From November–December, Oakland operated with various task groups of TF 38 supporting the Philippine liberation campaign. On 18 December, she rode out a raging typhoon in the Philippine Sea escaping serious damage.
Oakland returned to San Francisco on 11 January 1945. She remained for repairs and trial runs until sailing for Hawaii on 4 March. Arriving Pearl Harbor on the 9th, Oakland began additional training south of Oahu. She received movement orders on the 14th and sailed for Ulithi, the staging area for Okinawa.
Reaching Ulithi on 30 March, she sailed again with other units the following day. On tap was the most ambitious amphibious assault of the Pacific war. On 2 April, the group separated, Oakland going ahead to join TG 58.4. For five days, she engaged in hitting Sakashima Gunto in the southern Nansei Shoto and then proceeded to Okinawa.
On 10 April, Oakland was reassigned to TG 58.3 for the remainder of the Okinawa campaign. She came under air attack again on 11 April with her gunners splashing a dive bomber.
With other groups of TF 58, Oakland moved northward on 15 April to launch strikes against airfields at Kyūshū. Enemy planes tried time and again to pierce the task force's protective fighter umbrella. Twice Oakland's guns opened up, aiding in the destruction of one "Frances" and driving off another.
Okinawan defenses were struck again on the 17th. Kamikazes evaded the combat air patrol in the morning and Oakland took two under fire as they passed over the ship. Both were dropped within the formation, with Oakland scoring one. On the 29th, Oakland drove away another enemy aircraft. TG 58.3 had taken the best the Imperial Air Force had to offer during 11 days of April. The rest of the month was utilized in making additional strikes against Okinawa and conducting gunnery exercises with drones and towed sleeves.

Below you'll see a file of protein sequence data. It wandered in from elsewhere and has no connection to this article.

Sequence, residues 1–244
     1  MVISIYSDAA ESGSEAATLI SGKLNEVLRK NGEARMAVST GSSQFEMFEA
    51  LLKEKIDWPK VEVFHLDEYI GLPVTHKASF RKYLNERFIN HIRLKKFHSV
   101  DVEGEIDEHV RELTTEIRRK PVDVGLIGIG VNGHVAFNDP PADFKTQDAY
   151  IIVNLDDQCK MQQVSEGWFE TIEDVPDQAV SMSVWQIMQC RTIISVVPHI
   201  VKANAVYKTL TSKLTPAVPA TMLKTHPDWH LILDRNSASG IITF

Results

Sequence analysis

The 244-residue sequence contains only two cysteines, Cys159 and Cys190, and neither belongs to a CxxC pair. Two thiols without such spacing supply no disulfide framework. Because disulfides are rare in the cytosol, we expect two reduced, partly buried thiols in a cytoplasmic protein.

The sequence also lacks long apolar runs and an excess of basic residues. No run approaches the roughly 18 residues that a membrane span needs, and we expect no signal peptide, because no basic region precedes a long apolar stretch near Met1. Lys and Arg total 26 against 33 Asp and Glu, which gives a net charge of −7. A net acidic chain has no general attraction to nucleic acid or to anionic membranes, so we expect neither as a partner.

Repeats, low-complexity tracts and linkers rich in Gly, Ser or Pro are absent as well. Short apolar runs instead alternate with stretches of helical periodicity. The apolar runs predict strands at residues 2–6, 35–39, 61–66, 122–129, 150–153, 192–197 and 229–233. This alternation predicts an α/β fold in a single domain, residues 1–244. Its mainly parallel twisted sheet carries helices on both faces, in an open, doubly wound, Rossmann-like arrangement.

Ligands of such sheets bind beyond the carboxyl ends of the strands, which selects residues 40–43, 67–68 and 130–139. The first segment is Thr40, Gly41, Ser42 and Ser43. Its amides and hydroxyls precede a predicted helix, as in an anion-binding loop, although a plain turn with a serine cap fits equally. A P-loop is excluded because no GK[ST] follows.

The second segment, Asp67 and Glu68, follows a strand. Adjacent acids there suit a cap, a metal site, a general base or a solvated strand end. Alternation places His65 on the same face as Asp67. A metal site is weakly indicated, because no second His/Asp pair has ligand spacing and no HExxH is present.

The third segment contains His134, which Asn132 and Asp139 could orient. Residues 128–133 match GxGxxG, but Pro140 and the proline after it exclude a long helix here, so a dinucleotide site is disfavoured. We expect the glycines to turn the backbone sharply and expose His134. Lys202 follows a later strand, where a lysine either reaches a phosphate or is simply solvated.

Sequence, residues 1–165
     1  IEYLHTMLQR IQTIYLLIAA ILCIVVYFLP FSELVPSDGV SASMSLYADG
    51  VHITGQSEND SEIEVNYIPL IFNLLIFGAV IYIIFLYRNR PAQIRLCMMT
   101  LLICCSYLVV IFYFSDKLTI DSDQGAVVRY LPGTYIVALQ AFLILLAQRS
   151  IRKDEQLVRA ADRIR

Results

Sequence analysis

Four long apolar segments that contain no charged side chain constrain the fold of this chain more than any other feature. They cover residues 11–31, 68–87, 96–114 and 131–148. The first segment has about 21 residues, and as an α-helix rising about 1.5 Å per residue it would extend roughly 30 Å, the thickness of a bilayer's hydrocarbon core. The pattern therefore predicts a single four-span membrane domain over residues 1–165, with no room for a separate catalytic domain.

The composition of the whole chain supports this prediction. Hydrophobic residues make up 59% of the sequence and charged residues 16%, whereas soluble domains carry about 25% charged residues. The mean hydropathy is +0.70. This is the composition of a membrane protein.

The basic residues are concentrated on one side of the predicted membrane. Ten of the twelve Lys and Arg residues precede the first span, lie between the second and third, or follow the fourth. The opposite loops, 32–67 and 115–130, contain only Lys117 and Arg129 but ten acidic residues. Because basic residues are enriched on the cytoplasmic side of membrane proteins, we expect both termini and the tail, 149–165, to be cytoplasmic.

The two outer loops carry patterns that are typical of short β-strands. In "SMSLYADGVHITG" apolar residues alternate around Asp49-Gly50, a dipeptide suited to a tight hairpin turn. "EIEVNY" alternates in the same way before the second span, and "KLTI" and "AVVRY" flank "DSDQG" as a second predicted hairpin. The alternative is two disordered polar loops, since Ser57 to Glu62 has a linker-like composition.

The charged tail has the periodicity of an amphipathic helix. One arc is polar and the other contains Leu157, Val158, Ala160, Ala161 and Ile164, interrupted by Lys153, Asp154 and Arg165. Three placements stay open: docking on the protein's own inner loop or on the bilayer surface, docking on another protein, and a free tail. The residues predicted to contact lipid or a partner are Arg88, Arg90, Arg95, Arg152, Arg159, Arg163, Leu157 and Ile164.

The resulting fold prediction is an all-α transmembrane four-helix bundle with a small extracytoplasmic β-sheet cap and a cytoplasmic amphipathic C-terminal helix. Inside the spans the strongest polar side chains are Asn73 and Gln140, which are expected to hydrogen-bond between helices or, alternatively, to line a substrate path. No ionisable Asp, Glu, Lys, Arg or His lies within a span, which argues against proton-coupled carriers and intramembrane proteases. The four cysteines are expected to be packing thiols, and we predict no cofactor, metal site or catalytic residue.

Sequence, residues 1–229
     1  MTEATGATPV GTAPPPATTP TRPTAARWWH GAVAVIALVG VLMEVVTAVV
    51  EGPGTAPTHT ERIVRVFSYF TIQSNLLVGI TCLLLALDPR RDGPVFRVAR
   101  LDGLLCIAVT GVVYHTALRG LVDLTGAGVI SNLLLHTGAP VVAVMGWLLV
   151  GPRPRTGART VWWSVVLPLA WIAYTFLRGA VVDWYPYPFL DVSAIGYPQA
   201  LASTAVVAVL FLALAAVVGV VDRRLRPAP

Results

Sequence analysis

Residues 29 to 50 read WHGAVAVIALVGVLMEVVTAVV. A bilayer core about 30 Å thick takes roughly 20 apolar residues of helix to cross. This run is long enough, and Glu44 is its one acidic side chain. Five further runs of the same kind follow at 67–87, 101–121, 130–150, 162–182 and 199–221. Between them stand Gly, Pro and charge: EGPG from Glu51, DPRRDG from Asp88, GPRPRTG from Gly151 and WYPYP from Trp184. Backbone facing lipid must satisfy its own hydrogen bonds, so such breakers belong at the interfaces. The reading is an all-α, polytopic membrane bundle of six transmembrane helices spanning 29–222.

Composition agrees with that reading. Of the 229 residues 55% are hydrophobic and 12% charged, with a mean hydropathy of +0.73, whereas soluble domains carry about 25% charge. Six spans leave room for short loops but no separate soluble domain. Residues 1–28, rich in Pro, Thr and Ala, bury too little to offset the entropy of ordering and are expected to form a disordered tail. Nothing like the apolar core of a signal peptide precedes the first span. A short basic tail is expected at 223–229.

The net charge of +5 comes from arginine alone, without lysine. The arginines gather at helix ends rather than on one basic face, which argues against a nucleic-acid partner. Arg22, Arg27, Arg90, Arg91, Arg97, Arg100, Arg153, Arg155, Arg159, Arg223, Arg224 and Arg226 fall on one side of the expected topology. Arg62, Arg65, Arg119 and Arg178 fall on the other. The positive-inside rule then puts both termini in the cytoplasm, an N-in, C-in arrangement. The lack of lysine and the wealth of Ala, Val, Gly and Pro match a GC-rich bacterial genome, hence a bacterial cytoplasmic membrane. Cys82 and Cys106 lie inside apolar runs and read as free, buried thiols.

Snooper planes began winging near the group early in the morning on 11 May. After breakfast, the Oakland crew scrambled to General Quarters but an attack failed to materialize at that time. Two kamikazes plummeted into the flight deck of Bunker Hill 2,000 yd (1,800 m) from the cruiser. A trio of life rafts were cut loose from Oakland to aid in the rescue of Bunker Hill survivors sighted ahead.
The task force struck again at airfields on Kyūshū on 13 May. On the 14th, the Japanese reciprocated. Shortly after breakfast, a lone Zero was spotted circling through the clouds and Oakland's guns quickly opened fire, but their quarry just as quickly disappeared from view. Then he came back like a comet. Enterprise bore the brunt of his crash-dive as he blew up in a blossom of flame on her flight deck.
Shortly, a flock of kamikazes appeared, and within the space of 15 minutes, Oakland took four separate kamikazes under fire. Oakland's claim of two assists was substantiated by the task group commander.
For the duration of May, Oakland remained with the task group off Okinawa. On the 29th she shifted back to TG 38.1 under Admiral Halsey and made for Leyte Gulf, anchoring in San Pedro Bay on 1 June.
On 10 July, TG 38.1 commenced raids on the Japanese mainland beginning with Honshū and then thundering north to Hokkaidō. From 17–20 July, Oakland participated in strikes against Tokyo and 24–27 July against Kure and Kobe. Tokyo was hit again on the 30th along with Nagoya. On 7 August, the ships turned north to strike the Honshū-Hokkaido area for a second time. 15 August brought the long-awaited "cease all offensive operations" order. Oakland then proceeded to her assigned operating area for the occupation of Japan.
She moved to Tokyo Bay on 30 August and, while anchored near the Yokosuka Naval Base. Berthed several thousand yards away from USS Missouri (BB-63), Oakland provided a box seat for her sailors to witness the unforgettable climax to their war.